A keen botanist and collector he entered public life as a justice of the peace in 1865 and held other posts in the Canterbury area. The Enys brothers were known for their hospitality at Castle Hill but given the frequent absence of one or the other of them, usually in the UK, were known as 'the buckets in the well'.
The menace of wilding trees
Whilst on matters botanical there is an interesting report on the spread of 'wilding trees' - mainly introduced pines and particularly the lodgepole pine (Pinus contorta) - in the Flock Hill area.
Wilding trees represent one of the most serious threats to the biodiversity and large open montane landscapes that define the high country of the South Island. In this context we are referring specifically to the uncontrolled spread of introduced conifers.
They can produce thousands of seeds after only 6-15 years of age, depending on species and site conditions, and these can be wind-dispersed distances up to or exceeding ten kilometres depending on the situation.
Wildings are long-lived and capable of out-competing other plant species in nearly all communities except dense forest. As such they can rapidly change the ecology and dynamics of large areas of land.
(Darrin Woods, Wilding Conifer Management for Flock Hill Station,2007)
It is reckoned 210,00 heactares of public land in New Zealand are under threat of wilding pine invasion http://en.wikipedia.org/wiki/Wilding_conifer.
The Broken River Karst Area
If only we had had more time we would have stopped and explored this remarkable area of limestone mountains much of which falls in the Korowai/Torlesse Tussocklands Park. Here there grows the remarkable Vegetable Sheep - an alpine pillow or pin-cushion plant (Haastia pulvinaris). But it was not to be.
'The Broken River karst area ... is nationally important for its landscape, geological, geomorphological and botanical values. The Flock Hill scarp and its limestone tors are a distinctive landform. It is a refugia for many rare limestone plants such as the limestone forget-me not (Myosotis colensoi) and limestone harebell (Wahlenbergia brockeriei), and is the locality for Seligeria dimunata, a moss endemic to the Flock Hill tors.'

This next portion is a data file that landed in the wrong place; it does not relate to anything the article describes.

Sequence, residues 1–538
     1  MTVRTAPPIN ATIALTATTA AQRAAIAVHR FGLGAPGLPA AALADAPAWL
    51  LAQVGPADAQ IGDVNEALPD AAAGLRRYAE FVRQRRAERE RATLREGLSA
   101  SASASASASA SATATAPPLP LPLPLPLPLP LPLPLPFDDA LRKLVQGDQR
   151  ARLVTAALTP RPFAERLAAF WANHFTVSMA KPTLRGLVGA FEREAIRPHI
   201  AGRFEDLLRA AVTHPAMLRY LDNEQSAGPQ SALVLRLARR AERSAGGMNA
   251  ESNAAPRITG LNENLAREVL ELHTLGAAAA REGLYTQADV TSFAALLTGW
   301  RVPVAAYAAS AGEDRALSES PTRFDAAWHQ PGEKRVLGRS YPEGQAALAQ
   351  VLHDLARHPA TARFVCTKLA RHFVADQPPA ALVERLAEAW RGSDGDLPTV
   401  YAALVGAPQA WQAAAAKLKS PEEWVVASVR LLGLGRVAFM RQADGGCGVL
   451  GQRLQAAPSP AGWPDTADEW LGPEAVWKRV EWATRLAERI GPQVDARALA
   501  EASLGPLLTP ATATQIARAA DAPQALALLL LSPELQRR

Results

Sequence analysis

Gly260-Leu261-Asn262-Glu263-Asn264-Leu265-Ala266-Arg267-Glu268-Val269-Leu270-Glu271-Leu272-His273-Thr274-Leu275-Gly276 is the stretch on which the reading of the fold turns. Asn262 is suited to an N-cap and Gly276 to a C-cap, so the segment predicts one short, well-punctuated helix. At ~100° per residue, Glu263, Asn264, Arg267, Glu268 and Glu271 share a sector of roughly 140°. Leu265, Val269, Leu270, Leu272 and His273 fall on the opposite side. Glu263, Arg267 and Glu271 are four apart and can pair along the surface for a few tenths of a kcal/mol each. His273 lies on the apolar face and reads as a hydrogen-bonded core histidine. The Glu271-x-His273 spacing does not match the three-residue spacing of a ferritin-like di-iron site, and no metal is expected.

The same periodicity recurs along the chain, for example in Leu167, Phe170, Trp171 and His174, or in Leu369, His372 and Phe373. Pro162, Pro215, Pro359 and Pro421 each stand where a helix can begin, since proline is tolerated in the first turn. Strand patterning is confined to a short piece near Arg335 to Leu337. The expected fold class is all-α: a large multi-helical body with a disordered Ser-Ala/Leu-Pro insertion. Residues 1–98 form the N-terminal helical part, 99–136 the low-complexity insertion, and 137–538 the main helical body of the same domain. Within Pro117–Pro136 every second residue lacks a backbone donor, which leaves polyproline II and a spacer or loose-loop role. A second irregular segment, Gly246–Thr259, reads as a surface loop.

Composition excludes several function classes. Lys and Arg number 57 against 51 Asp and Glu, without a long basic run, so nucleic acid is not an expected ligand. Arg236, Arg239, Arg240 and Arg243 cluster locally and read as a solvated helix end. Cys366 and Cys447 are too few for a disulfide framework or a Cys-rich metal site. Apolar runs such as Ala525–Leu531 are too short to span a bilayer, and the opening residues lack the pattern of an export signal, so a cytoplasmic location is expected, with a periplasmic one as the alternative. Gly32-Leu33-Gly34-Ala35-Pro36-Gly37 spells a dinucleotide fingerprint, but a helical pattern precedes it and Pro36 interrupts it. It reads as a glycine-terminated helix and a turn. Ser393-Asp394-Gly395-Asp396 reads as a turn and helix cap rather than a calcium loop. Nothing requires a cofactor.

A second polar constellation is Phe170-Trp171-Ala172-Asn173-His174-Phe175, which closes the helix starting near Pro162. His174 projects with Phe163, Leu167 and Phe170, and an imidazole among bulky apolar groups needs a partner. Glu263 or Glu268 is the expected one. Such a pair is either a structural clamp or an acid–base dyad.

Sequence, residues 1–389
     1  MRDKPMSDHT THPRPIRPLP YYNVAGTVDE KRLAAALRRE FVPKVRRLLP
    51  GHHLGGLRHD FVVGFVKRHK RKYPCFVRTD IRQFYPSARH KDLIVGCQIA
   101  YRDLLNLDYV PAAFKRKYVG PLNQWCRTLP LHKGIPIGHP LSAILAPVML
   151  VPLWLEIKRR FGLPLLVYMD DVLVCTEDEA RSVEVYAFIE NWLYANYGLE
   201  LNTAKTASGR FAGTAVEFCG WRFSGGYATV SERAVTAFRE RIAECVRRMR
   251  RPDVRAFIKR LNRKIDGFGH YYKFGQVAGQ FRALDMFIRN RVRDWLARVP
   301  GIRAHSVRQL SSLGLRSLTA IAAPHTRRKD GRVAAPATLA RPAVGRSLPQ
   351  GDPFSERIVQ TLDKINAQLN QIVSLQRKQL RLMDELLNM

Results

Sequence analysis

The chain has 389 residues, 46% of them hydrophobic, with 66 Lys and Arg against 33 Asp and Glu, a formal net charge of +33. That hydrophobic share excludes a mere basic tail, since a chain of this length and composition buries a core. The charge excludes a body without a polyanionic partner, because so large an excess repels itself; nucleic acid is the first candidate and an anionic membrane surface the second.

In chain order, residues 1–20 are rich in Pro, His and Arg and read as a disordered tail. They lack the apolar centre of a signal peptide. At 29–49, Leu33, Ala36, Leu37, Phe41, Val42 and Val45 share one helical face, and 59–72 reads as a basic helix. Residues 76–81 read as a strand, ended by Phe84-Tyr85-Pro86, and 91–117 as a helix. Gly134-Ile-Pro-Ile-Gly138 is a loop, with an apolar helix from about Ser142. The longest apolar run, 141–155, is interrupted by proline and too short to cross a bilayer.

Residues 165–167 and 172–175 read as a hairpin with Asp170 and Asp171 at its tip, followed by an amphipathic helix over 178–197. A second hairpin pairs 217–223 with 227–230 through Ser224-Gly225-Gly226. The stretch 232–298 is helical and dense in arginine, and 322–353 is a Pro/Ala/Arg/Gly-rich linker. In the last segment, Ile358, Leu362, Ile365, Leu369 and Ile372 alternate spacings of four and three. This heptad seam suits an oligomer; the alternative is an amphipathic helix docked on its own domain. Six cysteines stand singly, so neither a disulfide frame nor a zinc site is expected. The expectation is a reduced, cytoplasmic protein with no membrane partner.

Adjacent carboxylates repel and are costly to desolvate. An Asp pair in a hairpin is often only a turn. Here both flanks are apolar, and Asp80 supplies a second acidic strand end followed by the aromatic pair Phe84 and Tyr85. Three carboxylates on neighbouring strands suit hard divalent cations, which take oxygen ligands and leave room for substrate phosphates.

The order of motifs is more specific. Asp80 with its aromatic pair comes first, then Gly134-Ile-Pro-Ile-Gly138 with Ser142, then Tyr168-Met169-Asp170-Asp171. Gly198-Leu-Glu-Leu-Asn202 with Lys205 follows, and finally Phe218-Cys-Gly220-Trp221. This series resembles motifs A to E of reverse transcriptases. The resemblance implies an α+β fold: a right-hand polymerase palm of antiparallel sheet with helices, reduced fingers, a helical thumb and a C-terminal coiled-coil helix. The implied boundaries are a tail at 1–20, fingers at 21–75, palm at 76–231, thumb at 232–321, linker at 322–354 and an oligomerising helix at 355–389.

(Darrin Woods, Wilding Conifer Management for Flock Hill Station,2007:11)
Again, the miles that lay ahead of us cut short any exploring and I had to make do with some snapshots from the car. Back in the UK I forgot just how huge these rocks are until two specks on one of them turned out to be people (see below).
The Endurance Test
The rest of the day became something of an endurance test.
The road quickly slopes down onto the broad Canterbury Plains and after a cup of coffee at Springfield and a photo of the Sheffield Pie Shop we turned west along the 'Inland Scenic Route South'.
Just beyond Sheffield the cloud descended to the treetops and the rain started. We went through places called Glentunnel, Glenroy and Windwhistle. We crossed the huge wash of the Rakaia River and pressed on along lonely, pine-bordered roads as the rain reached a deafening intensity.
There was something gaunt and sinister about those field-bordering trees, probably coastal lodgepole pines, often hacked off halfway up to provide better shelter belting, and with limbs growing topsy turvy and again shorn off with what looked like little care.
Even the bristling green of superphosphate-pumped grass was tuned down by the flattening rain with the trees stark against it and the mist.
The rain was incessant, cold and grim. I felt ill and a long way from home. We had to grind out the miles into the wind and not think of the spectacular views we were missing back up to the Southern Alps.
Later, talking to a bloke from Christchurch who'd driven down to the Otago Peninsula the same day said he’d never experienced rain like it.
We inched forward through wind-driven waves of water past Alford Forest, Brushside, Stavelely, Mount Somers, Mayfield and Geraldine - yes, that's right, "Geraldine". The Inner Scenic Route (which
had been anything but scenic) came to end and at Orari we joined the main Christchurch-Dunedin road.
Joining the slow, crowded, single-carriageway main road did not improve matters. We passed by Winchester and Temuka and then a slow crawl through the many traffic lights of Timaru (pop. 42,865).
I thought we were skirting Timaru’s main centre but looking at the map now we went straight through it. It felt like driving through the strip-development of an American town.